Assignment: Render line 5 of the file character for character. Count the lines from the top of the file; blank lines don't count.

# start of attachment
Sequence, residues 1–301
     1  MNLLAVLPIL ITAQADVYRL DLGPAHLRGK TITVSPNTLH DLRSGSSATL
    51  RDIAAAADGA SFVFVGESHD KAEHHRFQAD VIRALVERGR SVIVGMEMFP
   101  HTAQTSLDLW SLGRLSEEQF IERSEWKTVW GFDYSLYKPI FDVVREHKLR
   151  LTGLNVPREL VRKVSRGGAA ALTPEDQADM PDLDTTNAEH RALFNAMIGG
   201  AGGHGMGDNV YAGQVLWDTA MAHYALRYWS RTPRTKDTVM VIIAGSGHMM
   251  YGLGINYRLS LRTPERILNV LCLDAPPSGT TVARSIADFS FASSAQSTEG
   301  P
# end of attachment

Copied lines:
   151  LTGLNVPREL VRKVSRGGAA ALTPEDQADM PDLDTTNAEH RALFNAMIGG